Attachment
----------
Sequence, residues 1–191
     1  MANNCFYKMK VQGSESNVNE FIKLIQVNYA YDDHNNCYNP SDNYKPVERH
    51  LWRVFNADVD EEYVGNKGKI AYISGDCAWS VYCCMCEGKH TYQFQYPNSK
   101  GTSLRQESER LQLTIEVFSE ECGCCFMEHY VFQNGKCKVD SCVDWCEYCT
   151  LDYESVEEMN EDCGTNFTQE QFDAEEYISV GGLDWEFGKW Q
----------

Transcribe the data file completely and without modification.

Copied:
Sequence, residues 1–191
     1  MANNCFYKMK VQGSESNVNE FIKLIQVNYA YDDHNNCYNP SDNYKPVERH
    51  LWRVFNADVD EEYVGNKGKI AYISGDCAWS VYCCMCEGKH TYQFQYPNSK
   101  GTSLRQESER LQLTIEVFSE ECGCCFMEHY VFQNGKCKVD SCVDWCEYCT
   151  LDYESVEEMN EDCGTNFTQE QFDAEEYISV GGLDWEFGKW Q